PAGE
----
Marius Neset Circle of Chimes
(ACT 9038-2. CD review by Jon Turney)
Since he signed for ACT a few years back, it’s become clear that Marius Neset’s ambitions extend well beyond being Europe’s most exciting young saxophonist. His first release for the label, 2014’s Lion, featured lengthy new scores for the Trondheim Jazz Orchestra. Last year’s Snowmelt, an acclaimed collaboration with the London Sinfonietta, presented another Neset-composed suite for large ensemble. This latest offering, Circle of Chimes, again sees Neset the composer pushing into new areas, drawing on jazz but blending in many other styles and genres.
It features the same personnel as the marvellous, more conventionally jazzy Pinball from 2015, where he shared the writing with long-time colleague drummer Anton Eger. As there, his regular touring quintet is augmented by Ingrid Neset’s flutes and Andreas Brantelid’s cello, and this time Lionel Loueke joins them on guitar, as he did at the 2016 New Year concert in Cologne where these pieces were first aired.
The session was recorded a few days later in Copenhagen. The results are…. mixed. There are many things to like here. The opener, Satellite, beguiles with the titular chimes, and Brantelid’s haunting cello lines. Prague’s Ballet features Neset at his most lyrical on soprano sax, chamber-style. There are plenty of other arresting moments. Neset is the most powerful player throughout, but Ivo Neame on piano contributes brilliantly, too.
For me, though, this collection doesn’t quite hang together. Swerves of mood and style make for a rather disjointed whole. Moments to savour are interspersed with orchestral passages that amplify Neset’s characteristic, bustling urgency to a point where it feels, at times, hectoring. Loueke’s contributions, unusually for him, don’t always sound entirely comfortable, and he takes up space that might have been exploited by band regular Jim Hart on vibes, who has less to do than usual.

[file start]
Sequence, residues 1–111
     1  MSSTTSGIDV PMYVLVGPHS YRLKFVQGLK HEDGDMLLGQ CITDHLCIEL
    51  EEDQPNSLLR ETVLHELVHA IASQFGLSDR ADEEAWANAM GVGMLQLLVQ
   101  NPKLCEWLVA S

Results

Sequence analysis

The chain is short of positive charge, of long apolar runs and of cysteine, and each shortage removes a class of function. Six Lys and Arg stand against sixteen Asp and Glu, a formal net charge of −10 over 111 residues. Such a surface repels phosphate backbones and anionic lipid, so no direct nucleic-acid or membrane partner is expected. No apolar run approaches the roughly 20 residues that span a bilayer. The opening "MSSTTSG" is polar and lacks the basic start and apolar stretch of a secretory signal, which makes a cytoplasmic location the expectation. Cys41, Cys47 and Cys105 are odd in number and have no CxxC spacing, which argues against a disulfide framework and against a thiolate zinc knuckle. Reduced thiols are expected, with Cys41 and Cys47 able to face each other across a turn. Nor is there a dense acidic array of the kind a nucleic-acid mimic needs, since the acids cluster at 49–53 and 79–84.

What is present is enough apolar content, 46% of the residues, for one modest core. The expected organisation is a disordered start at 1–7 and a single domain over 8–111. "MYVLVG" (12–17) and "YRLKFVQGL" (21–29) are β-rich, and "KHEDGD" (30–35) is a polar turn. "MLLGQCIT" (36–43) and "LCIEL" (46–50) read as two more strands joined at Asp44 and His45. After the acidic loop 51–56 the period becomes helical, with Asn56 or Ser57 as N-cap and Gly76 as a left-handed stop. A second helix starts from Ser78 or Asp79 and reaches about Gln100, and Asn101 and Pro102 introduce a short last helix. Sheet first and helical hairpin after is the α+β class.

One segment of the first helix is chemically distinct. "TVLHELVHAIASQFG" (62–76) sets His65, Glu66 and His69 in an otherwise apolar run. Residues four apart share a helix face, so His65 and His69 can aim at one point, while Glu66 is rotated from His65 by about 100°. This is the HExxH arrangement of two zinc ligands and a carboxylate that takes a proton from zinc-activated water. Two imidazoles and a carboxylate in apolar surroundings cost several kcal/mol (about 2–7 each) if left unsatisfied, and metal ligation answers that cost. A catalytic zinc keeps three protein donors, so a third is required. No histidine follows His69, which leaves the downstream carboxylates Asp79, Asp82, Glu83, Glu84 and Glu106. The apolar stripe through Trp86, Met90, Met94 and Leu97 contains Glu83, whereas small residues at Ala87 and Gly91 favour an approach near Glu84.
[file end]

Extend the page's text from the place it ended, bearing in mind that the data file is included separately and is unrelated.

All in all, the set reaffirms the leader’s increasingly impressive powers, as player and composer, but feels like a documentation of pieces that might have settled better if they had been performed more than once before ushering the band into a studio. The credits feature Neset as composer, arranger and producer – as well as his indispensable contributions as the most distinctive soloist. Eger is named as co-producer here, but I wonder whether ACT might serve their young star better by arranging for him to work with a producer outside the band on projects as complex and wide-ranging as this one. But it’ll have to be someone who can help shape the outpourings of one who is such a powerful creative force in European music, whether he’s channeling Zawinul or Zappa.